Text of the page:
India targets Pak as Omar Sheikh of IA plane hijack case is acquitted in terror case

at 9:32 pm
Omar Sheikh

New Delhi (NVI): In a judgment described by India as “travesty of justice”, Pakistan Supreme Court today ordered release of Ahmed Omar Saeed Sheikh, one of the three terrorists freed by New Delhi in exchange of hostages of hijacked Indian Airlines plane in 1999, in murder case of American journalist Daniel Pearl.

Sheikh, a British-born Al-Qaeda terrorist, was the main accused in the beheading of Pearl, the 38-year-old South Asia bureau chief for The Wall Street Journal, in Karachi in 2002 and had been convicted by a lower court and awarded death sentence.

The Pakistan Supreme Court ordered Sheikh’s freedom, upholding the Sindh High Court verdict to overturn his conviction in the high profile case watched closely by the US.

A lower court of Pakistan had found Sheikh involved in the kidnapping and murder of Pearl and awarded him death sentence. However, the Sindh High Court on April 2 last year commuted it to seven years’ imprisonment, while absolving him in Pearl’s murder but upholding his conviction for kidnapping and hence the lesser punishment. Subsequently, last month, the High Court ordered his release.

As the US and human rights activists voiced “deep concern” over the High Court verdict, the Sindh government challenged the verdict in the Supreme Court. The appeal of the government was today dismissed by the three-judge bench of the Supreme Court, while delivering the judgement.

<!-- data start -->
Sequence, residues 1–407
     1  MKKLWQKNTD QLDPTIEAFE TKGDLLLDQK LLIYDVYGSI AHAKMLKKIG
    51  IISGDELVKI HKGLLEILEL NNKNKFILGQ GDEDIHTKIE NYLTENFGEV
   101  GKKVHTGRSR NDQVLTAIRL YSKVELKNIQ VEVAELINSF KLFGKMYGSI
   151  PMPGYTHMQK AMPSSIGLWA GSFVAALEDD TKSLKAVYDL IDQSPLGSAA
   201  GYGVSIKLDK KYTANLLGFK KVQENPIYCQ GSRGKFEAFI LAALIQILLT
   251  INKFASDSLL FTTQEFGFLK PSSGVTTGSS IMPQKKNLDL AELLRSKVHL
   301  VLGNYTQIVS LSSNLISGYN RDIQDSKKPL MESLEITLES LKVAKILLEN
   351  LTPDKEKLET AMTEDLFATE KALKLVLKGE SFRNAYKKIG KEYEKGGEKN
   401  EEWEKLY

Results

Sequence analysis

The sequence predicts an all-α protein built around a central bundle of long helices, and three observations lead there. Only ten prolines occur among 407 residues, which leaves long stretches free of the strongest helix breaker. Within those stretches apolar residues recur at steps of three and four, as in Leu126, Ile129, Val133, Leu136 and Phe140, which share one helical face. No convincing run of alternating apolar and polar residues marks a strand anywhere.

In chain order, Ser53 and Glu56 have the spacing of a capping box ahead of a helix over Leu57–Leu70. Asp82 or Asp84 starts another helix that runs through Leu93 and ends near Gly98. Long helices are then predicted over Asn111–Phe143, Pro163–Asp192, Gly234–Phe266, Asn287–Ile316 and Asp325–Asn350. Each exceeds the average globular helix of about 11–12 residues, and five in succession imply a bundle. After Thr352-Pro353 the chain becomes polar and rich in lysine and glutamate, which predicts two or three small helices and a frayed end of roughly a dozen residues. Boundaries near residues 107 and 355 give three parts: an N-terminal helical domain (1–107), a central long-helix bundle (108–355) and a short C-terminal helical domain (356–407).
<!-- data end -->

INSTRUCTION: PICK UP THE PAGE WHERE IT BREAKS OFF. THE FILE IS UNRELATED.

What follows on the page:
Commenting on the development, Spokesman of India’s External Affairs Ministry Anurag Srivastava said, “I had mentioned earlier about the very low conviction rate in Pakistan when it comes to sentencing of terror accused. This case truly demonstrates Pakistan’s intent on taking action on terror front.”

Describing as “travesty of justice” that Sheikh could not be found “guilty of any charges in this heinous act of terror”, the spokesman said, “Our position on Pakistan taking sustained, verifiable, credible and irreversible action against terrorism and terrorist funding emanating from all territory under its control remain unchanged.”

India has particular interest in Sheikh since he was released from an Indian jail, along with two other top terrorists – Masood Azhar, who later formed Jaish-e-Mohammad outfit, and Mushtaq Zargar alias ‘Latram’, chief commander of Al Umar Mujahideen outfit, to secure freedom of 166 passengers and crew of Indian Airlines plane IC-814 hijacked in December 1999.

All the three had been held in connection with acts of terrorism in India.

On December 24, 1999, five Pakistani terrorists hijacked the IC-814 plane during its flight from Kathmandu to New Delhi and commandeered it to Kandahar in Afghanistan, which was then under Taliban rule.

The hijackers demanded release of Sheikh, Azhar and Zargar and India had to accept the demand for safety of the hostages.

After his release, Sheikh lived in Pakistan but kept visiting Afghanistan to train terrorists.

Pearl was abducted and beheaded while he was in Pakistan investigating a story in 2002 on the links between the country’s powerful spy agency ISI and Al-Qaeda.